'Vision of sugar plums dancing in their heads'

What are sugar plums?

I mentioned the tale last week of The Night Before Christmas.

Do you remember how it starts out, with children dreaming of sugar plums? Did you, like me, wonder what those were? Well, in hopes you have a bit of time this week to reminisce and wonder about such superfluous things, I’m going to offer some answers.

Sugar plums were the name for a popular confection in the Victorian era (the same time frame as the story of St. Nick’s visit and also the original Nutcracker and The Mouse King story.) They were hard candies that didn’t contain or taste like plums but were, rather, simply plum shaped and possibly plum coloured.

They were derived from an ancient candy that goes back centuries—nut or seed coated laboriously in a sugar syrup. They were similar to a French dragée or Jordan Almond. Nowadays, there is another version of this little sweet that has dried fruits with a seed at the centre, rolled into balls and coated in sugar. I’m not sure this energy ball-version is a worthy update of the candy kids dreamed of, but you can make some and decide for yourself.

Wassail is another old English term sometimes heard during the Christmas season, and it involves all kinds of fun. The wassail is a sort of punch—most say a mulled cider with spices—that was used to toast the good health of neighbours. The word comes from an old Norse greeting, “ves heill”, meaning to be in good health.

In the Middle Ages, peasants would go wassailing to greet their lord at his door and upon receiving their toast of good health, the lord would give them food and drink. There is a song that is still sung today that tells how the conversation went on, much the same as our current “We Wish You a Merry Christmas”.

Today, carollers continue the tradition of going door to door as the wassailing peasants of old once did. Perhaps, we should also take on orchard wassailing here in the Okanagan? (More on that custom and other historic farming celebrations in a future column.)

I can’t give you Christmas trivia without including the scoop on mistletoe, as it’s one of my favourite elements of the season’s tradition. Mistletoe is a parasitic plant that can kill its host tree or bush, but in the grand scheme of things it offers many benefits, such as food for birds and pollinators and a nesting habitat.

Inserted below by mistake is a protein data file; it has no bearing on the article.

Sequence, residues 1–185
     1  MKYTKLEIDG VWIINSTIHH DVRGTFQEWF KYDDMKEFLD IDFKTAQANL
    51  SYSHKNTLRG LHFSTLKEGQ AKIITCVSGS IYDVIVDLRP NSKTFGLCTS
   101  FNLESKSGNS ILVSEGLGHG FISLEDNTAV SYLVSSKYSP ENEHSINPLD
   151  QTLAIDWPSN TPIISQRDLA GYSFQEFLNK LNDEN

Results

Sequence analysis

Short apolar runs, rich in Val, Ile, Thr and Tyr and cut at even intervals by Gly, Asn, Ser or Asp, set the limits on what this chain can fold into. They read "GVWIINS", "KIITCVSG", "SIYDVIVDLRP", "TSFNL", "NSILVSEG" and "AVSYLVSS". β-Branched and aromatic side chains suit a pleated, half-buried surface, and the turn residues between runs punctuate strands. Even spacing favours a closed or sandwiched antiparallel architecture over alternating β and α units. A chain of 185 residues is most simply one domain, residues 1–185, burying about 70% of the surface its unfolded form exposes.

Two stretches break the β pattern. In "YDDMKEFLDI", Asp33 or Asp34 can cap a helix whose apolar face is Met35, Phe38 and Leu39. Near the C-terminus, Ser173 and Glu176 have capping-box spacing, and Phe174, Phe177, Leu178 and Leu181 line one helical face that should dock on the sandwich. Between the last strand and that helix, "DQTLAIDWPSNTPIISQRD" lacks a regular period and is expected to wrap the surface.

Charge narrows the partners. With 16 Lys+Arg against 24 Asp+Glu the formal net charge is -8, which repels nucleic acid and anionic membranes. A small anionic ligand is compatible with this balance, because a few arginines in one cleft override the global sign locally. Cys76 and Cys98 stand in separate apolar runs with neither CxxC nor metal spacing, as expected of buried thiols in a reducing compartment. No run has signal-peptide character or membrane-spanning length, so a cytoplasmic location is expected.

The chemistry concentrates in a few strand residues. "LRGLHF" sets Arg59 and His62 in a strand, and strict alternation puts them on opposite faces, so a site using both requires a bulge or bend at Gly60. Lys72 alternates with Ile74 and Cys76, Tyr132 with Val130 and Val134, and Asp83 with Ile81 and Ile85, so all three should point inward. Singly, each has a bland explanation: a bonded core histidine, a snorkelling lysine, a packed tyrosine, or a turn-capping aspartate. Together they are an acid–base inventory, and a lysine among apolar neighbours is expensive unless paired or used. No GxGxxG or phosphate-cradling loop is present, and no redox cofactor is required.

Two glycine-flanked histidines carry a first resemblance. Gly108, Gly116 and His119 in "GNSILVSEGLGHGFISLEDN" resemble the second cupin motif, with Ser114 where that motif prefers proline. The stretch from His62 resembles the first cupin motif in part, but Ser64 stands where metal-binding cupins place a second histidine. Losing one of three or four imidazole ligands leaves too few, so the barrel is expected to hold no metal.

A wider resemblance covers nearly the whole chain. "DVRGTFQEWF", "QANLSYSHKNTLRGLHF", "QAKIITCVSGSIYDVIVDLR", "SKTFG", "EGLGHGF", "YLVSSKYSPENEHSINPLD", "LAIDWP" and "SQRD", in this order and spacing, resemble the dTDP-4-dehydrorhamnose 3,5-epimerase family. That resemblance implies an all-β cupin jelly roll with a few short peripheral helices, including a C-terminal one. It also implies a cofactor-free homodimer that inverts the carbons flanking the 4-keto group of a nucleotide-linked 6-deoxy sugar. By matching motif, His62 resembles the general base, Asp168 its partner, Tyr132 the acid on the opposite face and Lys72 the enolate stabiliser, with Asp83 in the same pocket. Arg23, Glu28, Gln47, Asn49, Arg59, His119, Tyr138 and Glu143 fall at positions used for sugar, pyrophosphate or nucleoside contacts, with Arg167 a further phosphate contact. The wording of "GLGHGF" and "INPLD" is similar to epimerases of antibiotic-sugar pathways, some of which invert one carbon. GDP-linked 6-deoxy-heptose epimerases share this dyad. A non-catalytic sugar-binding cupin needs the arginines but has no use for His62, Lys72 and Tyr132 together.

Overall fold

The ancient Romans were the first to hang a sprig of mistletoe over their doorways, as they believed it protected the household and offered peace, love and understanding. (Maybe I should leave mine up after the holiday season, for a year-long boost.)

It was those good old Victorians who came up with the idea of kissing under the mistletoe, although it has long been a symbol of fertility. The custom was that a man who met a woman under the mistletoe was allowed to kiss her, and that if she refused, she would have bad luck. I remember when I was a kid, my brother and I would hang out under the mistletoe, looking for extra hugs and kisses.

I’ll close this week by saying whatever you dream of, be it sugar plums, a kiss or good times with friends, be brave when you awaken and go get those dreams. That is the true secret of all this giving, I believe. It lights the fire in us so we can have the courage of our convictions and show off our full potential.

I wish you a Merry Christmas, as that is how I send my love and good tidings this time of year. But however you celebrate, may it be full of joy and wonder.

This article is written by or on behalf of an outsourced columnist and does not necessarily reflect the views of Castanet.

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About the Author

Kristin Peturson-Laprise is a customer experience specialist by trade, which means she is someone passionate about people having a good time. 

Her company, Wow Service Mentor, helps businesses enhance their customer experience through hands-on training, service programs, and special event coordination.

Kristin enjoys her own experiences too, and that is what she writes about in this column. She and her husband Martin Laprise (also known as Chef Martin, of The Chef Instead) love to share their passion for food and entertaining.  

Kristin says:

"Wikipedia lists a gourmand as a person who takes great pleasure in food. I have taken the concept of gourmandise, or enjoying something to the fullest, in all parts of my life. I love to grow and cook food, and I loved wine enough to become a Sommelier. I call a meal a success when I can convey that 'sense of place' from where the food has come . . . the French call that terroir, but I just call it the full experience. It might mean tasting the flavours of my own garden, or transporting everyone at the table to a faraway place, reminiscent of travels or dreams we have had."


E-mail Kristin at:  [email protected]

Check out her website here:  www.wowservicementor.com


The views expressed are strictly those of the author and not necessarily those of Castanet. Castanet does not warrant the contents.

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